So for a lot of us, there’s more at stake in Tuesday’s elections than simply whether the Democrats will take control of the House or the Senate. It’s a question of national identity, of finding out who we are — and if we’re a “we” at all. For six years, we’ve been waiting for the America we thought we knew to come back. And now, as we wait for the spinning windows in the great democratic slot machine to stop, we’re torn between hope that it’ll display the country we thought we knew, and fear that it’ll show something else.
We thought America was conservative enough not to trash its most cherished traditions just because of one terrorist attack. We thought America was liberal enough to try to understand why others might hate us, not just to lash out self-righteously. We thought America was wise enough not to start an unprovoked, immoral and highly risky war. We thought America had enough self-respect not to let itself be ordered around by a shameless, lying bully.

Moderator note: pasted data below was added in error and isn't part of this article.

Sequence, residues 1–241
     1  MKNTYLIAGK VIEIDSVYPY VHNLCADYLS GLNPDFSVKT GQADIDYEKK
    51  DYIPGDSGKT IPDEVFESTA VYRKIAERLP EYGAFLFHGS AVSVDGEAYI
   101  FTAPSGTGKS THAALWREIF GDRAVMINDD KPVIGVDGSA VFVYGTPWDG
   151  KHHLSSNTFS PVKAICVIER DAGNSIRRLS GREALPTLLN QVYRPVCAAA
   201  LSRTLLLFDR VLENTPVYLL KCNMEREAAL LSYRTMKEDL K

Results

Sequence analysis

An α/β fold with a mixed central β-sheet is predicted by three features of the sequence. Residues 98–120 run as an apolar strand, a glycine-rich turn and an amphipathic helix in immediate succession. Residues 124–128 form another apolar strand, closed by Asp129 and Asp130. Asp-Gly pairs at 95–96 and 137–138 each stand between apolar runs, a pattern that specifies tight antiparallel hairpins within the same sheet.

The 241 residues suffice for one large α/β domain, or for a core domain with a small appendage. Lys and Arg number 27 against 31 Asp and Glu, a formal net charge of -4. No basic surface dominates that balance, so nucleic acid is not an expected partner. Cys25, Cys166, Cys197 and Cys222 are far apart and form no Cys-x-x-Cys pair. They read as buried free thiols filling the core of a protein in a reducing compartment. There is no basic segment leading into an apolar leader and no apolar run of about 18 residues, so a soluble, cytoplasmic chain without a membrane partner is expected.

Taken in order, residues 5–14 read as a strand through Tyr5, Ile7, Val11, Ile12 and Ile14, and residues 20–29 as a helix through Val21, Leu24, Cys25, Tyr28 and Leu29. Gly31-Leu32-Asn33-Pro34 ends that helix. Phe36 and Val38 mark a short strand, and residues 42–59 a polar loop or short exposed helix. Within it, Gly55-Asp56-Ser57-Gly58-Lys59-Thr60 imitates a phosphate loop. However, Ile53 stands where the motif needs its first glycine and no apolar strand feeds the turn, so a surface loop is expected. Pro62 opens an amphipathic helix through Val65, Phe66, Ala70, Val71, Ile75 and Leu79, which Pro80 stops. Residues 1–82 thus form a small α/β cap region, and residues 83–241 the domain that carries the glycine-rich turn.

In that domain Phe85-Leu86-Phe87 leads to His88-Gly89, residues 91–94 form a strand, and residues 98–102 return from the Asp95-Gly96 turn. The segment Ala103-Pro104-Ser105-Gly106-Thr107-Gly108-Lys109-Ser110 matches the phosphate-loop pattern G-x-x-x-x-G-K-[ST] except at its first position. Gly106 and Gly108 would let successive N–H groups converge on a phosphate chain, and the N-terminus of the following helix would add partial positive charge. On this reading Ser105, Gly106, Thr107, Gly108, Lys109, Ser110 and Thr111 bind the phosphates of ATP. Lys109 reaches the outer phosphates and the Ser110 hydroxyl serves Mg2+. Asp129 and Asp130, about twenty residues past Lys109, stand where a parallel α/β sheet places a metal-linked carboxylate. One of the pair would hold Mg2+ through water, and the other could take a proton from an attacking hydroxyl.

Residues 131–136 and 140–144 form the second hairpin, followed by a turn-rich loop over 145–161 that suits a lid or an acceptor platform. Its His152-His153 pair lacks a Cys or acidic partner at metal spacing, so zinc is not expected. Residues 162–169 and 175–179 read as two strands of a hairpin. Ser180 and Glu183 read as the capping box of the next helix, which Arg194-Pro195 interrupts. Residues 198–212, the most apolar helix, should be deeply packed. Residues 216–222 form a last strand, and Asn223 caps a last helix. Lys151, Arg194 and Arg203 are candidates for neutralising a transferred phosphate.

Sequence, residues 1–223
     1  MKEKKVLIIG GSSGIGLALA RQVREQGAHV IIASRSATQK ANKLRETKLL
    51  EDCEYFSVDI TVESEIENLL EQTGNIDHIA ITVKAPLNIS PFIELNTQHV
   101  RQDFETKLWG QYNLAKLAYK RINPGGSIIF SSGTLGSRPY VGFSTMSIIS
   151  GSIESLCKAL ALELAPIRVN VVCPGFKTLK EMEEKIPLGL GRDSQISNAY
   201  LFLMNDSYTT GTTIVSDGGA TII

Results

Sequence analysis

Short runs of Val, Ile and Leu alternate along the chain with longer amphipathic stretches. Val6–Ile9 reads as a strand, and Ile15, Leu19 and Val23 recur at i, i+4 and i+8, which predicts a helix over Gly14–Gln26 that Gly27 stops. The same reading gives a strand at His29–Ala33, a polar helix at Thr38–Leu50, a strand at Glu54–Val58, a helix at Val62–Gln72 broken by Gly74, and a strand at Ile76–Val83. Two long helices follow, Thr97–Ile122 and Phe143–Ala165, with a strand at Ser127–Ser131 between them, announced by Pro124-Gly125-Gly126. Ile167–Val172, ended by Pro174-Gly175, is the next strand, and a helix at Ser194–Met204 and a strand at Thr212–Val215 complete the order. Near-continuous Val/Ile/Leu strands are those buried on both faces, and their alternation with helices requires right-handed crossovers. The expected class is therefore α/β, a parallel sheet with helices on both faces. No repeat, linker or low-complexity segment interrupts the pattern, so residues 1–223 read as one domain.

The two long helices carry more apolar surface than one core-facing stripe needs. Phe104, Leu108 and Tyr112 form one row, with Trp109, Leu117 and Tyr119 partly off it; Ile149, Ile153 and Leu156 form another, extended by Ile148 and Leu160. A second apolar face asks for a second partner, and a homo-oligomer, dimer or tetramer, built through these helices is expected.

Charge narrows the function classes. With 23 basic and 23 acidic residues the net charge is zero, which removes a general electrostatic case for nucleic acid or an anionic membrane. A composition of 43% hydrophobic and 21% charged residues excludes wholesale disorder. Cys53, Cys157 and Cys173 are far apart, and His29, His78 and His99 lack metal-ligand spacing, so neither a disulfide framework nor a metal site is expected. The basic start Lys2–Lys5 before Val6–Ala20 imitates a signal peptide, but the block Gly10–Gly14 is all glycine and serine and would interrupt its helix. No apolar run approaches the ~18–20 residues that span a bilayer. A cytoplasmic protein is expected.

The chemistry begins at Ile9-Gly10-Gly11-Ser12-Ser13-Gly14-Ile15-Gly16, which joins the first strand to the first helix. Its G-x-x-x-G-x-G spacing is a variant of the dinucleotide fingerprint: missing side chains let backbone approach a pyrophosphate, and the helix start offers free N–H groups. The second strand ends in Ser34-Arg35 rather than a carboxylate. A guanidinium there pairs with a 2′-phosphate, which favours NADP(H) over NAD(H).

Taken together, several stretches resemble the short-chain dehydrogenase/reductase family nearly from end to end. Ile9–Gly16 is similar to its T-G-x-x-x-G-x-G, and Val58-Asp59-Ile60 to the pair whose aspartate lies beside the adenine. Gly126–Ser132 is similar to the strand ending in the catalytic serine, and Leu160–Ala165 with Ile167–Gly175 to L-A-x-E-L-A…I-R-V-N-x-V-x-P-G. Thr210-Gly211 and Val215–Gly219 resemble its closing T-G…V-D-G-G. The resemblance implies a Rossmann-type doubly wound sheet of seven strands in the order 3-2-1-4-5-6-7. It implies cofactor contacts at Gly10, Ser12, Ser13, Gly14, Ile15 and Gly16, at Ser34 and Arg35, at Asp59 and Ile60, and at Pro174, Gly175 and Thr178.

We were proved wrong. But we haven’t given up. Now our hopes are more modest. Now we’re simply hoping that those of our fellow citizens who let us down so badly two years ago throw the bums out. That good old American common sense will prevail. In short, that we haven’t completely lost it.